"bit by bit" is an event that joins seven renowned storytellers with seven prominent technologists in teams of two and challenges them to make something new together, mixing word and code, novel and database, algorithm and theater. And for the first time, they unveil their creations at a public conference on March 1. Learn more about the event here: bitbybit.brown.columbia.edu and RSVP at bit-by-bit.eventbrite.com.
Our event "bit by bit" began Saturday with a student event -- We spent the day speculating, designing and prototyping new ways of telling stories. Lance Weiler and his team at Reboot Stories designed what might be best described as a second generation hackathon. It emphasized process, a thoughtful design process, that led our participants from their initial interests to prototypes. Teams of students were guided by a group of amazing mentors from the Columbia J-School, NYU's ITP, and even Vice Media -- Journalists, photographers, interaction and game designers, artists, and filmmakers. The day wrapped up around midnight with final project pitches and awards. The winning team's project was called "Things we carry" and was about how we share sensitive, personal stories that have shaped our lives. Congratulations to Jeffrey Bustos, Amarin Sam, Sharon Knieper, and Nikki Zeichner. Overall, it was an amazing day and a great start to "bit by bit". We would like to acknowledge support from AOL, Rhizome and Columbia University's Digital Storytelling Lab.
bit by bit is a week-long exploration and reflection on the powerful pairing of story and technology and the roles they play in society — discovering and reimagining the poignant and the persuasive, the confining and liberating.
bit by bit will start Saturday, February 22nd, with a group of student storytellers, hackers, makers, game developers and experience designers will coming together for a day full of experimentation, coding, networking and fun.
Then, bit by bit will join seven renowned storytellers with seven prominent technologists in teams of two and challenge them to make something new together. The teams will work February 27th and 28th, and we will follow the collaborations as they mix word and code, novel and database, algorithm and theater. Finally, the seven teams will unveil their creations at a public conference on March 1.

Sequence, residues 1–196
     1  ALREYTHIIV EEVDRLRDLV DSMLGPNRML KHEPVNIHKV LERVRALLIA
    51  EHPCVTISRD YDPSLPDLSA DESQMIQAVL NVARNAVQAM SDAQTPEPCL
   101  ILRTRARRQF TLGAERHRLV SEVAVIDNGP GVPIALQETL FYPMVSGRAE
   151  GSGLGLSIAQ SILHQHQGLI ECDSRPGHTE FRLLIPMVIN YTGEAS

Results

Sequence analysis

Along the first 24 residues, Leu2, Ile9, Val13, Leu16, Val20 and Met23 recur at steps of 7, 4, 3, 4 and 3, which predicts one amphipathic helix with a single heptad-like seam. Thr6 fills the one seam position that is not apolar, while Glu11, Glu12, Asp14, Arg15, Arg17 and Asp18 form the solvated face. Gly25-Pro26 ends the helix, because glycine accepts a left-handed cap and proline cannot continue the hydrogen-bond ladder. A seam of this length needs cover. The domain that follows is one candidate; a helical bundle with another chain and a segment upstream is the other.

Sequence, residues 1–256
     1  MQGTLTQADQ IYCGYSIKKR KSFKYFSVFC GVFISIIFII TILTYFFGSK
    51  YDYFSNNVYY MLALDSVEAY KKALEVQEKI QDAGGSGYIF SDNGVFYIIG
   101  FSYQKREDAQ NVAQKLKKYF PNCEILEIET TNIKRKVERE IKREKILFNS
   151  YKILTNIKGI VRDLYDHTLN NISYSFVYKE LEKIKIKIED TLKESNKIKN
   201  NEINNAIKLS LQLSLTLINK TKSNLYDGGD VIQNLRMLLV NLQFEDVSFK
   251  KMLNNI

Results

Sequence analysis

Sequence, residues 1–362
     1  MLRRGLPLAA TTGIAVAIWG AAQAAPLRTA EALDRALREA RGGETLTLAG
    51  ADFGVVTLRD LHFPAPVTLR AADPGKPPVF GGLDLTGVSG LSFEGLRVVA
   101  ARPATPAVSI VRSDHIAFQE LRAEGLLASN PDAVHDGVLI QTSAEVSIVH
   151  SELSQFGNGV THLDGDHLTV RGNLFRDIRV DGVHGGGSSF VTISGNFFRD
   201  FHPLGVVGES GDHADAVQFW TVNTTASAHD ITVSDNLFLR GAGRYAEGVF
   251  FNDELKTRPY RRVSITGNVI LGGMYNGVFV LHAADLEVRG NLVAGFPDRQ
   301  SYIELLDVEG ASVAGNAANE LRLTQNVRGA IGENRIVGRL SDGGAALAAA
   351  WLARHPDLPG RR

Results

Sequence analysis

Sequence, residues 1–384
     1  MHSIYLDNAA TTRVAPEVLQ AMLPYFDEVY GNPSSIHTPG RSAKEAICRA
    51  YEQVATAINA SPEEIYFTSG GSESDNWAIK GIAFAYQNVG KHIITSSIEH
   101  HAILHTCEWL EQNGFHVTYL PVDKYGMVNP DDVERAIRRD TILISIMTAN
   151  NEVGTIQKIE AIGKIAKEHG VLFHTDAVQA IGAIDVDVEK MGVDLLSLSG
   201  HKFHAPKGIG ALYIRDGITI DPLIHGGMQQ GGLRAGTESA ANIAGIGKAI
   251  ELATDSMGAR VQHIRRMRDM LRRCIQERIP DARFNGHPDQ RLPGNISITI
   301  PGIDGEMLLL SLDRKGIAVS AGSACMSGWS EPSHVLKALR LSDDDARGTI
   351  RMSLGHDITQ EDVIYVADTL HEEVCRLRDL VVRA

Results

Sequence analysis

The Brown Institute is proud to acknowledge the support of Rhizome and AOL. Learn more about the event at bitbybit.brown.columbia.edu.
The Brown Institute invaded an otherwise unsuspecting eating establishment in the West Village to meet with an awesome group of journalists, linguists, and technologists. The goal: discuss the state of computation in journalism and explore the creation of a computing platform specific to the field. It was, hands down, the geekiest event you've ever attended, with animated discussions about documentation, object orientation and Flash.
Congratulations to members of the 2013/14 Magic Grant CityBeat, whose paper was accepted to the demo track at WWW 2014. Their paper, “CityBeat: Real-time Social Media Visualization of Hyper-local City Data,” presents City Beat, a real-time visualization of hyper-local content, including event detection and trends, for cities. Explore all of the WWW 2014 Accepted Demos!
In December, the Stanford side of the Institute played host to a livel discussion on the future of journalism. As reported in The Daily Dish, "To a room full of journalists and techies, panelists spoke on what they believe to be the pros and cons of the budding marriage between data and journalism." A video of the panel discussion is now available.
Congratulations to Brown Fellows David Chen and Sam Tsai who successfully defended their Ph.D. research in November. Both went to the studio afterwards for a clean recording of their presentations. You can see both Sam Tsai's "Mobile Visual Search with Text and Image Features, and David Chen's Memory Efficient Image Databases for Mobile Visual Search.
Congratulations to 2012-2013 Magic Grant team members Brendan Jou, Hongzhi Li, Joseph G. Ellis and faculty advisor Shih-Fu Chang for winning the Grand Challenge 1st Place Award at ACM Multimedia. Their paper, "Structured Exploration of Who, What, When, and Where in Heterogenous Multimedia News Sources," can be seen here.
Revelations about how much of our online activity is under surveillance have left many people wondering what's left for digital security- or where the next frontier is. But digital security is not one-size-fits-all, and it never has been. For journalists, encyrption, digital security and privacy issues are perhaps more important now than ever before.
The Frontline Freelance Register has partnered with the Brown Institute to present a panel discussion on where we can go from here- and why all is not lost. Sign up here.
The Human-computer Interaction group at Stanford University presents Arrowhead, a story that will be collaboratively written by Tom Kealey (Jones Lecturer of the Creative Writing department), Chris Baty (founder of NaNoWriMo), and people from all over the web!
Arrowhead will be written using Ensemble, a new and experimental collaborative writing platform coming out of the HCI group with the goal of designing and discovering new ways of supporting creative work. The story will span from October 15th to October 30th.
Ensemble and the Arrowhead project can be found here.